What is imaginative play?
Imaginative play, pretend play, and role play. Play in which you pretend to be someone else, something else, somewhere else or in some other situation. :Like when your toddler pretends to be a cat all day, or you play doctors.
Have you seen the millions of things that a cardboard box or a stick can become in the mind of a child? All it takes is a little imagination!
We combine imaginative play with creative play, including writing, drawing, art and crafts. This is because creative play that involves expression or creating representative images ties strongly into similar psychological processes and developmental milestones.
Making a model requires having a mental image or concept and considering how to represent it, and all its elements, in the medium you’re using. Creativity involves expressing one’s own ideas, trying new things and experimenting with changing materials.
Imaginative play often links with social play, together play, action play, narrative play and object play.
Imaginative play and learning
Play is the means through which children learn, so what are they learning through imaginative play?
Imaginative play suggestions
- Play pretend: grab a toy, a teddy, a character, a peg doll, draw eyes on a pebble, it doesn’t matter. Give it a name. Now, what adventures might Bob the pebble go on? Get involved!
- Adventures: make walks or journeys into mini adventures. Pretend to be an explorer walking through a jungle, or a jungle animal, or a gruffalo as you walk through some trees. Pretend to row a boat across an ocean, watch out for piranha infested swamps (puddles). Become a monster chasing your little one, or pretend a monster is chasing you both.
- Create a den, and pretend to be… well what might live in a den? Or is it a cave?
- Arts and crafts: drawing and mark making, junk modelling. Express yourself, use your imagination, have fun!
- Dress up: you don’t need themed costumes. Raid your old clothes, look in charity shops. Lacy underskirts, waistcoat, cut ragged cuffs into trousers they are too tall for, an old shirt, some hats, some old jewellery or sparkly sequinned items; let their imagination do the work!
- Small world play: Playmobil, Grapat nims, a wooden trainset, toy animals and many more toys can be great for setting up scenes and playing out scenarios or telling stories.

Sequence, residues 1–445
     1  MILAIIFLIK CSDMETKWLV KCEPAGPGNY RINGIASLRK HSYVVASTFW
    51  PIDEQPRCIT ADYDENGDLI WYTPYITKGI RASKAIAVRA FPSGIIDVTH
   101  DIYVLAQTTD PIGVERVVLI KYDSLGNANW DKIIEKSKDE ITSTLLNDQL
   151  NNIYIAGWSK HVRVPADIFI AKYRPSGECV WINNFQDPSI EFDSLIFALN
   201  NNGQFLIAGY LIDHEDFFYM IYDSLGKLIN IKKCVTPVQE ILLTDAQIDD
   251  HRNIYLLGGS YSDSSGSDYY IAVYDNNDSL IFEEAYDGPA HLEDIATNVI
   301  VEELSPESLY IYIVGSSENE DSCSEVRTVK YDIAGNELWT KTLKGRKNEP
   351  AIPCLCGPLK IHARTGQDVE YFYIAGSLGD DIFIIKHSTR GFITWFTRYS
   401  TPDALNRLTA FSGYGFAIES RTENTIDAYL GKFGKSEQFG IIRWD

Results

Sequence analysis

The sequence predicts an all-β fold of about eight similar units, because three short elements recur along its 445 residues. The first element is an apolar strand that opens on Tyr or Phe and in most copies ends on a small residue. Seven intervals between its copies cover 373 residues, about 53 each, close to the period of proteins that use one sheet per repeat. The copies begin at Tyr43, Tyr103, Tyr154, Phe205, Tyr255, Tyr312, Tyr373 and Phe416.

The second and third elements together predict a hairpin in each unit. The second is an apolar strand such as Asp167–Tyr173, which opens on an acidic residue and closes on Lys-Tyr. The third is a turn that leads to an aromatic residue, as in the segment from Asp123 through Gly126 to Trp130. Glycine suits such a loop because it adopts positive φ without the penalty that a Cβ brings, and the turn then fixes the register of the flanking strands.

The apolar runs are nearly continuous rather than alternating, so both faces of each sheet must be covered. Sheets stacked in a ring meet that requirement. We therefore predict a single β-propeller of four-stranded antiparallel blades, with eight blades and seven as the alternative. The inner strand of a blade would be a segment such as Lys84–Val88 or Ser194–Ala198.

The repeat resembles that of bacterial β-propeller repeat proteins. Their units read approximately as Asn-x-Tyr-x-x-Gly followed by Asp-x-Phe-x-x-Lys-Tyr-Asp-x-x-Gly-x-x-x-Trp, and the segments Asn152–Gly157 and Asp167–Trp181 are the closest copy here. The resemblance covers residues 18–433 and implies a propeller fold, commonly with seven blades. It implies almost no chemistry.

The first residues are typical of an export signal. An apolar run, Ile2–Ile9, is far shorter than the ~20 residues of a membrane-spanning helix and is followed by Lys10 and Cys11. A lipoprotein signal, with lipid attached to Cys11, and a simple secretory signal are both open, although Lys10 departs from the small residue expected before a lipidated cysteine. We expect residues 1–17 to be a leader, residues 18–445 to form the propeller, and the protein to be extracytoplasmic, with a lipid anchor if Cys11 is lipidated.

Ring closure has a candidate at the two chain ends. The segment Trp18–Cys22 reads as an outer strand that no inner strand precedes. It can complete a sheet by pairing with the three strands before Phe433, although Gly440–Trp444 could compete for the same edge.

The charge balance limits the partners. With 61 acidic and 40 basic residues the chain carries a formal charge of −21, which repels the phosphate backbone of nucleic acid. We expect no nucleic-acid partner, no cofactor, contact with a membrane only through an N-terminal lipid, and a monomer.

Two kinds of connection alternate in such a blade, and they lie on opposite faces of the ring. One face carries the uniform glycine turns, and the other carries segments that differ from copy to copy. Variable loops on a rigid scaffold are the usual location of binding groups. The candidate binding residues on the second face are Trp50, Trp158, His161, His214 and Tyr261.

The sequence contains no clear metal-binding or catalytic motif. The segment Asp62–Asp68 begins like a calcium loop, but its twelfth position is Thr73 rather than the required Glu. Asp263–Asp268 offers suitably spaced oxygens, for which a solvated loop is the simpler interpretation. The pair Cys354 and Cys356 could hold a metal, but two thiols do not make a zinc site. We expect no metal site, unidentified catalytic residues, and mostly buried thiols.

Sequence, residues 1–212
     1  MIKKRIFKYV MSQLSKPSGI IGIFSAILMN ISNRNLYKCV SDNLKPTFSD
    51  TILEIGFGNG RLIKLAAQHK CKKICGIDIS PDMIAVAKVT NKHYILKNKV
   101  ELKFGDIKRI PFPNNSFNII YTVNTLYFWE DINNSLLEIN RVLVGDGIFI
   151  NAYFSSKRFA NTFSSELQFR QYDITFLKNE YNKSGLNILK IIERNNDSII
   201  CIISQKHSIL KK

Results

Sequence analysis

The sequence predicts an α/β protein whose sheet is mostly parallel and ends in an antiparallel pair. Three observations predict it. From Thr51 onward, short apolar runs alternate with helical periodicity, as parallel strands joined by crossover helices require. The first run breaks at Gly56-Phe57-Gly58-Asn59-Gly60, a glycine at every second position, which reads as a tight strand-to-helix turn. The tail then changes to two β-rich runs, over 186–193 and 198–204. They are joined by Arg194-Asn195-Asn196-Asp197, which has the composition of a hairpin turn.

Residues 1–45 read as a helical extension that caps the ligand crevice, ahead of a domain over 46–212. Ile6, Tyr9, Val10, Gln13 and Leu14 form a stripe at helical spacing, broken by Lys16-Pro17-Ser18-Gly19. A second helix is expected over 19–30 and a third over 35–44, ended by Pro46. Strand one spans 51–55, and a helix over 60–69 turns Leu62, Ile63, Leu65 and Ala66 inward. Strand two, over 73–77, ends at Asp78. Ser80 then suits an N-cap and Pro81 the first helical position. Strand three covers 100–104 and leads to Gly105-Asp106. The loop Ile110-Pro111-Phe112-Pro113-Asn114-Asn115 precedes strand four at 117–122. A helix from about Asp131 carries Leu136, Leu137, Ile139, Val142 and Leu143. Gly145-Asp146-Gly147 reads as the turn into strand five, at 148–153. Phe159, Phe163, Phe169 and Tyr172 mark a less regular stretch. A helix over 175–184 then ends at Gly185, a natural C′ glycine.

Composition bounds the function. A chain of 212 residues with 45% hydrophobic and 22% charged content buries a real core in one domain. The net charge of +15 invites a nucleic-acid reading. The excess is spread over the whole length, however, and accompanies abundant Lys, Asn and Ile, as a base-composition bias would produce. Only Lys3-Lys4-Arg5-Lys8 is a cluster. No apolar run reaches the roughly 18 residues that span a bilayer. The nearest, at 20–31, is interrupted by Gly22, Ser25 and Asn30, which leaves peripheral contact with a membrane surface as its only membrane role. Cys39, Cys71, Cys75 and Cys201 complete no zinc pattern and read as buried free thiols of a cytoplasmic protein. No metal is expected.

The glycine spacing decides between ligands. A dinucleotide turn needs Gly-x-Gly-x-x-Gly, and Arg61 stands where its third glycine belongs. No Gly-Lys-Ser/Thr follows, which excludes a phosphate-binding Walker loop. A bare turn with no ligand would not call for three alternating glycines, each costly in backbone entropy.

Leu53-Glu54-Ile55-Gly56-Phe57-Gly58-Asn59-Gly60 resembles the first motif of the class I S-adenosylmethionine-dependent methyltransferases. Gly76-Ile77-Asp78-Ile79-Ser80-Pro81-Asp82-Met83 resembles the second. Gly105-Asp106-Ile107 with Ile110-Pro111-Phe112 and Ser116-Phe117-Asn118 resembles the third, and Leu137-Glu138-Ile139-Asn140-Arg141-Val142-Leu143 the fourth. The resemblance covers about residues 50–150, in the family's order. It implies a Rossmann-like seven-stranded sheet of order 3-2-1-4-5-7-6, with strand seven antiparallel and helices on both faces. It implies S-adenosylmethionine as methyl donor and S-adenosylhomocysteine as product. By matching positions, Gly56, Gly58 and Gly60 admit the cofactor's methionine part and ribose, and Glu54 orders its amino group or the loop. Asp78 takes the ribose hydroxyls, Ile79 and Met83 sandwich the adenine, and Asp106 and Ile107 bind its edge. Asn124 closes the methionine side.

Imaginative play at different stages
Imaginative play in babies
Babies don’t engage in imaginative play. Imaginative play relies on some pretty complex mental activity that they simply cannot manage. Occasionally it may look like.a baby is doing a bit of role play. They grab a TV remote and hold it to their ear and babble away, or the take a hand mirror and try to ‘brush their hair’. They aren’t actually doing role play or imaginative play though.
This is a baby trying out your modelled behaviours. It is how they learning many of their skills. However, whilst they see you talking into an object they don’t know that you are talking to someone, and listening to them too. They don’t know you brush your hair to make it neat or get rid of tangles, they just see you rubbing your head with something each morning and give it a try.
Imaginative play in toddlers
Young toddlers don’t really engage in imaginative play. The psychological processes and development that make it possible tend to develop a little later on. Suddenly, however, you are likely to see a huge leap in how they play. Preschoolers and upwards usually do lots of imaginative play.
Imaginative play requires the ability to create mental models. To have ideas i that are not related to the objects or events happening around them. It requires the ability to imagine feeling differently, or to imagine how someone else might feel (these require theory of mind and empathy). Toddlers begin to use items representatively to be something other than what they are. These require quite complex developments including the beginnings of theory of mind and empathy.
Imaginative play in adults
What does imaginative play look like in adults? For some adults it can be daydreaming. What if…I won the lottery, or that book had a different ending. Thinking about possibilities, and ideas in a fun way? That counts.
There’s drama too though, of course, and writing, or creating computer games. Perhaps you are a keen role play gamer (RPG) or attend Comicon in incredible costumes? Designing clothes., dreaming up flavour combinations to try in recipes, painting, crafting or creating whether it is fine art or toilet rolls tube creations with alongside your children.
Adults might also use their imagination in meditation to imagine a calm place, a happy place, a place that seems enticing, exciting, mysterious. When we imagine, our feelings tend to follow so imagination and imaginative play can have powerful mood altering effects, even for adults if you find ways that work for you.